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Changing Our Thoughts & Shaping Our Souls

Three resources to take you deeper in Psalm 121 this month
By Zach Dietrich

The Soteria Bible reading plan encourages a monthly psalm. We encourage that because living in a psalm lets it begin to change our thoughts and shape our souls. Psalms, after all, teach us the language to pray, and languages are learned through repetition.

This month’s psalm is Psalm 121. Keep reading for a sermon, a song, and a summary to help you learn the language of prayer from this psalm.

The Corner Room has put many psalms to music, and the Psalm 121 song is definitely catchy. Add it to your playlist on your morning commute or lunch break or before bed. Use good music to etch this psalm upon your memory. And while you’re at it, check out their other music.

Sermons are also a great way to learn scripture. Listen to “Purposed Vulnerability,” a sermon Pastor Mike preached from Psalm 121 in our Psalms series 10 years ago.

Dane Ortlund, author of “Gentle and Lowly,” has a simple devotional on the book of Psalms. “In the Lord I Take Refuge” has a one-page devotional for every psalm. Our family read his summary of Psalm 120 last month, and it helped us find meaning in the unfamiliar words.

Psalm 120:5 says, “Woe to me, that I sojourn in Meshech, that I dwell among the tents of Kedar!” Ortlund offers this little explanation:

“These locations are not household names for us, so it is easy to read over them without feeling the full weight of what the psalmist is lamenting. Meschech and Kedar are two places far from one another and far from Israel: they are two places to which God’s people were dispersed throughout the centuries, especially in times of exile. The point is that these two places represent the world without God, as the hostile enemies of God’s people surround the redeemed…We are “sojourners and exiles” (1 Pet. 2:11); this world as it now stands is not our home, and we “desire a better country” (Heb. 11:16). Like our Savior, who left his true home in heaven to come to earth and sojourn among us, we sojourn among a foreign land that will one day be returned fully and openly to its rightful ruler. Until then, we trust in the Lord and, led by the psalmist, pray for deliverance.”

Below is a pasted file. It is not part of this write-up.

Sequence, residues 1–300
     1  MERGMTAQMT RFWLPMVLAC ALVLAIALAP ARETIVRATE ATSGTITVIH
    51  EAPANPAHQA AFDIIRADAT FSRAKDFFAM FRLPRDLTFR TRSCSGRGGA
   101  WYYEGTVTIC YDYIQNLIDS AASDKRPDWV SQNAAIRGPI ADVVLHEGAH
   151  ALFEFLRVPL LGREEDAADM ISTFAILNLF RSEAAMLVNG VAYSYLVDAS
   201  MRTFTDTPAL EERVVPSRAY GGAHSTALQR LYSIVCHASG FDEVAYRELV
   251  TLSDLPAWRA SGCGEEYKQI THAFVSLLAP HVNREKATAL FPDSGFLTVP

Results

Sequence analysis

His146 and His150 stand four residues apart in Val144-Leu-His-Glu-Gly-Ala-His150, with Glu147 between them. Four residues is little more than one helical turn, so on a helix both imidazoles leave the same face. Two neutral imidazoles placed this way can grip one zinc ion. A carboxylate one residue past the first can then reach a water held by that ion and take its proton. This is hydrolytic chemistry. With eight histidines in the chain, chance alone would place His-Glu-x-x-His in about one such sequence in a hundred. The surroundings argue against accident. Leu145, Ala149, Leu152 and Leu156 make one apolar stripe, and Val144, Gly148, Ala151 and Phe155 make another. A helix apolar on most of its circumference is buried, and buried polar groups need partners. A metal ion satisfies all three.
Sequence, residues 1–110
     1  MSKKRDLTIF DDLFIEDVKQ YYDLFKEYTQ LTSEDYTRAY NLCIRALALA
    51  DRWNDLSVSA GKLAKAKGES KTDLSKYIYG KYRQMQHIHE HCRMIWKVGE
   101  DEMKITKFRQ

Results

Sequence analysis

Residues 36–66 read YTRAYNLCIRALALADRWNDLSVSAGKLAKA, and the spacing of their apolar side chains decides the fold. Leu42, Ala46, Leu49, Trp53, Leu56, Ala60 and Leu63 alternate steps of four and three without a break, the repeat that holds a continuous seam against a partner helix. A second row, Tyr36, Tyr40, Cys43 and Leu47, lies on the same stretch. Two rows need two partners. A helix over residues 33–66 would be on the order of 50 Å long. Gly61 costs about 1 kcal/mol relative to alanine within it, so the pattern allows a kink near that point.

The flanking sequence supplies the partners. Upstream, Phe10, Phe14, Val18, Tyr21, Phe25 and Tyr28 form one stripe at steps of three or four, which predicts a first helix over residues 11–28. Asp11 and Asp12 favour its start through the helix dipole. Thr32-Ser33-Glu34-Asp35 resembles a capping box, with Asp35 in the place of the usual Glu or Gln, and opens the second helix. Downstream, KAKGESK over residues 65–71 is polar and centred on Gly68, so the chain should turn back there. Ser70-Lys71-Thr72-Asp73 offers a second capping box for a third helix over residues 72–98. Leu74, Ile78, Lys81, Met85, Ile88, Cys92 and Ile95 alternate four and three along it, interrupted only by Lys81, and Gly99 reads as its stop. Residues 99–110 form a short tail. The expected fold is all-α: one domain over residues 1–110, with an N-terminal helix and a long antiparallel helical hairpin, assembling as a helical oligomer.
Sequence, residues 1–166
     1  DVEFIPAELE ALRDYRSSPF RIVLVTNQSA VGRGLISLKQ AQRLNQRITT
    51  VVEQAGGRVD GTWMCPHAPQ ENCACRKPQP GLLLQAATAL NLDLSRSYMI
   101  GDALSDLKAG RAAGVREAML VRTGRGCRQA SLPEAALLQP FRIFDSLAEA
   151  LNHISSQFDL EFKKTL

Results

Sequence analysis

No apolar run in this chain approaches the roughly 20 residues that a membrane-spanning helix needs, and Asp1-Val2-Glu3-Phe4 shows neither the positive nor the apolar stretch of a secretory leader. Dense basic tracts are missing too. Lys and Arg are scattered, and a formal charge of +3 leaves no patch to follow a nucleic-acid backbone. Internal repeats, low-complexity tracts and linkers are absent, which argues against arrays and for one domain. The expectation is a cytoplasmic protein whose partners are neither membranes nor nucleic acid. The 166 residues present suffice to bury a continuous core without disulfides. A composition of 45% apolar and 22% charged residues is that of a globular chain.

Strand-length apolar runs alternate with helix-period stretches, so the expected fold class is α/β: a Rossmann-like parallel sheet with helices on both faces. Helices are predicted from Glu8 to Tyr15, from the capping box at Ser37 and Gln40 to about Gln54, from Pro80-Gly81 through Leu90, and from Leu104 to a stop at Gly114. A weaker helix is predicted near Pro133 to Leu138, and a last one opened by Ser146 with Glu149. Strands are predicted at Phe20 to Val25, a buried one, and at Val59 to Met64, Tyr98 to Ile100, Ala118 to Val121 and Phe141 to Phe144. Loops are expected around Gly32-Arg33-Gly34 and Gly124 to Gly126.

Here are Ortlund’s summary and reflections on Psalm 121:

“It is easy to go through life feeling vulnerable. Vulnerable to financial collapse, to physical illness, to relational rejection, to emotional meltdown. We naturally and easily feel small, weak, and defenseless.

“What does it mean to be part of the people of God? Among a hundred other things, it means that the God who created the universe never ceases to watch over and actively protect you. It means he never takes a nap on you, never is distracted, never turns away. “He who keeps you will not slumber” (v. 3). But how can we really know? Where is the proof?

“The proof is there on a hill called Calvary. There Jesus died. Jesus Christ became truly vulnerable, truly defenseless, exposed not simply to adverse circumstances but to the forces of hell, receiving the judgment we deserved. He was overcome so that we could walk through life with the certain knowledge that we are God’s children and that he is ever watching over us.”

Excerpted from: “In the Lord I Take Refuge: 150 Daily Devotions through the Psalms” by Dane C. Ortlund. This title is also available in the Soteria Resource Center for $5 less than Amazon.

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